Charles, following royal tradition, served in the Royal Navy for five years. His son, Prince Harry, had wanted to go into the Army his whole life and so served for a whole decade. He was determined to get involved with active service, too, and pushed for the Palace to let him go on two different tours of Afghanistan where he would be able to be closer to the action.
While the Palace were reluctant, Harry suggested dropping out of the Army altogether if he was not allowed to go, leaving the royals — particularly the Queen — completely torn.
In her 2018 book, ‘Harry: Conversations with the Prince’, author Angela Levin explained: “As Queen, she was Commander-in-Chief of the Armed Forces and could sort out a posting, but she was also the grandmother of a young man she wanted to protect who was desperate to fight for his country on the frontline.”
At the time, Harry was third-in-line to the throne.
So, the Queen and Charles decided that for “Harry’s sake they had to try” and get him close to the military action.
Prince Harry and King Edward VIII, the Duke of Windsor
Harry when he was serving in Afghanistan
Even so, his father confessed that he had been worried when Harry returned home in 2008.
Charles told the press: “As you can imagine, it’s obviously a great relief as far as I’m concerned to see him home in one piece.”
However, Harry is not the first prominent royal to push to be involved with the more dangerous side of the military.
King Edward VIII — later the Duke of Windsor — was enthusiastic to join the Armed Forces when war first broke out in 1914, even though he was the Prince of Wales at the time.
He was commissioned as a Second Lieutenant in the Grenadier Guards, but was then forbidden to go overseas with the First Battalion.
He questioned Lord Kitchener, then the Secretary of War, whether he might be able to serve in France.
However, the minister refused even though Edward claimed it would not matter if he died — he had four brothers to succeed him.
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Edward was forbidden from serving in the frontline to protect his life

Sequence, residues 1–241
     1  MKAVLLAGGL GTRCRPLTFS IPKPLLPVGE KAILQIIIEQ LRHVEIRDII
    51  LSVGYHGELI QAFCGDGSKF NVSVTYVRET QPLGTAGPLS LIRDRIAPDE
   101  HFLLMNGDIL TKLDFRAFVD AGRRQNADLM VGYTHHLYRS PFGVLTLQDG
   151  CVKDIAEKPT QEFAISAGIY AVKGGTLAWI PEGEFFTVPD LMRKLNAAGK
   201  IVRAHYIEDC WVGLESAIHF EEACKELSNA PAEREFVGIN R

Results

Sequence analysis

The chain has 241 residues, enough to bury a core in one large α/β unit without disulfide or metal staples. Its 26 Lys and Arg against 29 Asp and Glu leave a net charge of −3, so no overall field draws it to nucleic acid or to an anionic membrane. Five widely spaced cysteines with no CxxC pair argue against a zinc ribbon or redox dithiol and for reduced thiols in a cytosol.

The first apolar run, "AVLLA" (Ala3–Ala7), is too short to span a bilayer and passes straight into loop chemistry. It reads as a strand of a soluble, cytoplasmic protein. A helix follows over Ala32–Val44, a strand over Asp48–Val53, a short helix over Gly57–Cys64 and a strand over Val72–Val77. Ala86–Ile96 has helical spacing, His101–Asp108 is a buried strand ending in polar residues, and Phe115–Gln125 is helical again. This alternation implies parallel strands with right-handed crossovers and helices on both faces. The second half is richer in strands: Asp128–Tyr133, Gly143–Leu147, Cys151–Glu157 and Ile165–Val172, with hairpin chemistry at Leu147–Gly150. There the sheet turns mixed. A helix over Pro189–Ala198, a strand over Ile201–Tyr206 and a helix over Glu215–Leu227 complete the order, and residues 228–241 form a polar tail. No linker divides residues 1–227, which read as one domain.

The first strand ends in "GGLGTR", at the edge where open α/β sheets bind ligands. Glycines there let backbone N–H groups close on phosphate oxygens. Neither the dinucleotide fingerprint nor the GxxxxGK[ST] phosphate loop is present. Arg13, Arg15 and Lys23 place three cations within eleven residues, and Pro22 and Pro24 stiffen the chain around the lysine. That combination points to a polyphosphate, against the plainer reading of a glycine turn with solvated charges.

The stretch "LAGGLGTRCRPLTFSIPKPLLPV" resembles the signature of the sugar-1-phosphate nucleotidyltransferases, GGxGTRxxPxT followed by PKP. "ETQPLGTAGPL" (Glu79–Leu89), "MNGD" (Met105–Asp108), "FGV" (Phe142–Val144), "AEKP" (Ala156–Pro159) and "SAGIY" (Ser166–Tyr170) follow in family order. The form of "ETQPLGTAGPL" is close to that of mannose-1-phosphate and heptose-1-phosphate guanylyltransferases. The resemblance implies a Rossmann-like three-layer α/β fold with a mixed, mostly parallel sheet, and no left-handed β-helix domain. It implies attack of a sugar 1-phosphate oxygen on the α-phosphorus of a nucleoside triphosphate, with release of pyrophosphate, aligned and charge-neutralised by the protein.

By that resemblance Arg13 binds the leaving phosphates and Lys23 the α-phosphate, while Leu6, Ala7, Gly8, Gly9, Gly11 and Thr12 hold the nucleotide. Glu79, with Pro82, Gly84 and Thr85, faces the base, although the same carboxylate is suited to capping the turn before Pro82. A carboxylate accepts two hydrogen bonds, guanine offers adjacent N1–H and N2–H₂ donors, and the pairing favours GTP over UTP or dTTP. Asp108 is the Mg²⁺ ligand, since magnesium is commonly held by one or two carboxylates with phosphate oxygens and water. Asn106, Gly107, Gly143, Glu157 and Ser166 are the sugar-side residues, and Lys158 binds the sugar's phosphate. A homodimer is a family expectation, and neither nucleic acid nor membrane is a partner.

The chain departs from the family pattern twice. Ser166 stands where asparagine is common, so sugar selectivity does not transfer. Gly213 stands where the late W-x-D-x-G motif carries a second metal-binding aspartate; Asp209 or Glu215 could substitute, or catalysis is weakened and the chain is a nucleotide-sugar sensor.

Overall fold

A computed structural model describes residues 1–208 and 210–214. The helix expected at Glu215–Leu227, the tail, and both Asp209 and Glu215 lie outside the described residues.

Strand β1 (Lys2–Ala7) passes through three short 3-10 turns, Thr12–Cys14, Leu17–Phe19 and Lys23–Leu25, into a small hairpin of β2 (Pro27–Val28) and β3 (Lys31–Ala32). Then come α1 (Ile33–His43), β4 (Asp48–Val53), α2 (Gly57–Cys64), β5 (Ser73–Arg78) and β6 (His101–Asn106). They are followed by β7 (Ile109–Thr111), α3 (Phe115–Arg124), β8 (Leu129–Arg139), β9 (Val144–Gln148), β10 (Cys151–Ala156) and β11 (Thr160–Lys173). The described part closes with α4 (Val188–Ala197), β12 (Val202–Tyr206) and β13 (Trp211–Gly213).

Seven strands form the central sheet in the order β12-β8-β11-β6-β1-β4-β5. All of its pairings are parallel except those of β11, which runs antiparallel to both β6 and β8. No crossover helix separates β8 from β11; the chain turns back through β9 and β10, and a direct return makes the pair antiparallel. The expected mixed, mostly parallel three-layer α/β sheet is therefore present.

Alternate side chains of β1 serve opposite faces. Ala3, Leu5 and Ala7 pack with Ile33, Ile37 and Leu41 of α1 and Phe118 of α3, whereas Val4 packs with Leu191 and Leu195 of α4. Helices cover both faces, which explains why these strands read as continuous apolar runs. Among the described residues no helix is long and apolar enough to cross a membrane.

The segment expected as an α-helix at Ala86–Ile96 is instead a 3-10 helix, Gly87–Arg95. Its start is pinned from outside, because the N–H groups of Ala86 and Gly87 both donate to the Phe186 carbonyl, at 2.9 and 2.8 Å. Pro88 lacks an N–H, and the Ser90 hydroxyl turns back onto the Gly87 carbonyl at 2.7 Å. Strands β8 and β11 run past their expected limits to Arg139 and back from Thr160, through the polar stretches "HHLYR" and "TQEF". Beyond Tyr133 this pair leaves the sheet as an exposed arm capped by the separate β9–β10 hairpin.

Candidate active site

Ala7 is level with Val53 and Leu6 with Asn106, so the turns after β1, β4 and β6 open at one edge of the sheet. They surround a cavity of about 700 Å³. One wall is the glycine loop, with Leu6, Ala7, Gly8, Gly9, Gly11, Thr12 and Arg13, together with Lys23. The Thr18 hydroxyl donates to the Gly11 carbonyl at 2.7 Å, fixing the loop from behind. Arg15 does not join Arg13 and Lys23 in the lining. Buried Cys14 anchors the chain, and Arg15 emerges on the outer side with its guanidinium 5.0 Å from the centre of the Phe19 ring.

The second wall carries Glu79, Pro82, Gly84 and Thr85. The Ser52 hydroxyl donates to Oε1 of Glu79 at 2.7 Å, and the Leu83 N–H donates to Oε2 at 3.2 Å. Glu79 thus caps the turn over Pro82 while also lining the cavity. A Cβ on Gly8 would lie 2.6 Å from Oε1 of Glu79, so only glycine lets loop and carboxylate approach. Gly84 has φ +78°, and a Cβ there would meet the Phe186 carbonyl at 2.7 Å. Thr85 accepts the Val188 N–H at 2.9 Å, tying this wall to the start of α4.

But Lord Kitchener’s worries lay with the future king being captured by the German Army and being used as a pawn, rather than his death.
King George V then insisted Edward should be restricted to serving in staff appointments, after his heir had lobbied hard to be allocated a junior staff officer role in France far behind the frontline.
He narrowly avoided danger even then — a German shell hit his car and killed the driver, just as the royal had left the vehicle to inspect the troops — but nothing seemed to deter the royal from getting close to the frontline.
BBC History Extra’s report from 2017 explained: “Edward pushed the boundaries, using every opportunity to visit the front lines and ultimately, was able to get moved to a position nearer the front.
“Assigned to staff work on logistics, Edward now had an excuse to be in dangerous locations and believed it important that he shared in what ordinary soldiers were going through; he visited advanced positions and found himself under shell fire in front-area dug-outs many times.”
Edward would later recall: “I got the most vivid close-ups of the horrible existence that had become the lot of the British soldier.”
Writing for History Extra, Dr Heather Jones added: “Edward eschewed special treatment, working long hours and living in basic billets.”
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Edward — later the Duke of Windsor — in 1914 (L) and in 1918 (R) during active service
Harry often said he preferred being Captain Wales to Prince Harry
She claimed that when he was serving, he “was a relatively anonymous figure, which he revelled in”.
Similarly, Harry later confessed that he preferred being called Captain Wales than Prince Harry.
He said in 2011: “My father’s always trying to remind me about who I am and stuff like that.
“But it’s very easy to forget about who I am when I am in the Army.
“Everyone’s wearing the same uniform and doing the same kind of thing. I get on well with the lads and I enjoy my job. It really is as simple as that.”
Earlier this year, during a leaked prank call, Harry also confessed: “I was in the military for ten years so I’m more normal than my family would like to believe.”
The Duke of Windsor’s abdication in 1936 has also been compared to Harry’s decision to leave the royal frontline earlier this year, too, although, as Prince Charles’ younger son, the Duke of Sussex did not cause a constitutional crisis unlike Edward VIII.
Harry and Meghan at the LA National Cemetery last weekend
Charles said it was a great relief when Harry returned home after serving in Afghanistan
Even so, it appears both men became disillusioned with royal life during their time in the Army.
Dr Jones wrote: “[Edward’s] respect for much of his parents’ Victorian world view collapsed.”
She added: “Bitter at not being allowed to fight, Edward developed a deep resentment with his role as Prince of Wales for being the cause of this prohibition.”
Additionally, Harry appeared to fight back against the restrictions of being a royal long before he officially stepped down.
He told author Angela Levin back in 2017 that he aches to be “something other than Prince Harry”.
After Harry’s request to have a wreath laid on his behalf at the Cenotaph last weekend — in honour of Remembrance Day — was rejected, royal watchers believe a line has been drawn in the sand between him and the rest of the royals.
He visited the Los Angeles National Cemetery with his wife Meghan Markle, for his own ceremony instead.
Similarly, the Duke of Windsor tried to reach out to the Royal Family after his abdication, but he felt he was effectively in exile for the rest of his life in France.